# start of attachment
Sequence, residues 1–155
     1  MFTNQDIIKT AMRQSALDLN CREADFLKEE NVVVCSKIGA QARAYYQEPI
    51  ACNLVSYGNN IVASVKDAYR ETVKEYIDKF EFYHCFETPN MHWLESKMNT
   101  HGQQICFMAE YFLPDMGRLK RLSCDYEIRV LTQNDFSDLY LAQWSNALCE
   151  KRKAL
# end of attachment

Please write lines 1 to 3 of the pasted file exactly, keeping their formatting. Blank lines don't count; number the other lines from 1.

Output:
Sequence, residues 1–155
     1  MFTNQDIIKT AMRQSALDLN CREADFLKEE NVVVCSKIGA QARAYYQEPI
    51  ACNLVSYGNN IVASVKDAYR ETVKEYIDKF EFYHCFETPN MHWLESKMNT